Does this gif hurt your brain? You're not alone.
Ever wonder why side-scrolling video games from the 80's and 90's almost always scroll in a single direction—left to right? This might seem like a silly question (duh...it just makes sense that way), but if you really think about it, it is a little odd. Why do games always scroll that way?
Turns out, our knee-jerk reaction that left to right just "makes more sense" has now been legitimized by science. Our brains vastly prefer left to right motion, according to Lancaster University psychologist Peter Walker. That conclusion, based on Walker's analysis of thousands of images of people and objects in motion, is published in the journal Perception.
"What artistic conventions are used to convey the motion of animate and inanimate items in still images, such as drawings and photographs?" Walker said in a press release. "One graphic convention involves depicting items leaning forward into their movement, with greater leaning conveying greater speed. Another convention, revealed in the present study, involves depicting items moving from left to right."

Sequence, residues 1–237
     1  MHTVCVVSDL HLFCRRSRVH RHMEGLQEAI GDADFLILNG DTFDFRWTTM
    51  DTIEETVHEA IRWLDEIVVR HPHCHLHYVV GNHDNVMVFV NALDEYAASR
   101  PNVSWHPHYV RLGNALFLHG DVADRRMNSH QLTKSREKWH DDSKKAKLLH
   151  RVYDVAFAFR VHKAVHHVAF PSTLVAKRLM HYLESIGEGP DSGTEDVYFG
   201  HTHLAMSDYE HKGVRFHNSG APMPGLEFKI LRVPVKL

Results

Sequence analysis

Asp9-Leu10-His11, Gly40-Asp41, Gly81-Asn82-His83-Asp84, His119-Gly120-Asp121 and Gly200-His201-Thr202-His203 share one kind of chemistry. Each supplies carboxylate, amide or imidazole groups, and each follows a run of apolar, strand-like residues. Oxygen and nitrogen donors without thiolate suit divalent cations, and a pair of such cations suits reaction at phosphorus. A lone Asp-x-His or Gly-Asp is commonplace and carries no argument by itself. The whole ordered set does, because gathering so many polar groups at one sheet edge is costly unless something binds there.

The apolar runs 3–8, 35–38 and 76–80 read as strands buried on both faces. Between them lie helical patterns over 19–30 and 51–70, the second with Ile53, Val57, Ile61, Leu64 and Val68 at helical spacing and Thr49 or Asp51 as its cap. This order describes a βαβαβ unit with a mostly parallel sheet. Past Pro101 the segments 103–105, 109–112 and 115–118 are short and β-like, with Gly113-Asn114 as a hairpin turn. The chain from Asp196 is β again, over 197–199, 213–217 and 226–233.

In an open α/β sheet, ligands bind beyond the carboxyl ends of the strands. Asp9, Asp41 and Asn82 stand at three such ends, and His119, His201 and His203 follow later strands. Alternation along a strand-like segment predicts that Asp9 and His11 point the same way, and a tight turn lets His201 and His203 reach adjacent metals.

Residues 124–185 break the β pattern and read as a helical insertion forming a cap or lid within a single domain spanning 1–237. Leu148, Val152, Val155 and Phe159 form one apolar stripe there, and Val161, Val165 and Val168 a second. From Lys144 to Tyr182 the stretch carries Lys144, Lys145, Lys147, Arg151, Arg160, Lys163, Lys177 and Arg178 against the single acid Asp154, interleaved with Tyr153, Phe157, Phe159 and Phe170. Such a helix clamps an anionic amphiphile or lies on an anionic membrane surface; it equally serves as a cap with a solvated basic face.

Interestingly, the bias only seems to apply to images of moving objects. When a person or object is stationary in a photograph, there's equal likelihood of a left or right-facing pose, Walker finds.
"This could indicate a fundamental left-to-right bias for visual motion," he said.
The left to right bias can also be found in typography: Italics, used to convey motion or speed, always appear to be moving from left to right, even in Hebrew texts where the reader's eyes scan right to left.
Sure, we might have already known that Super Mario is better than Super Luigi, but it's always nice to have science on your side.
Read the full scientific paper at Perception.
Top image via YouTube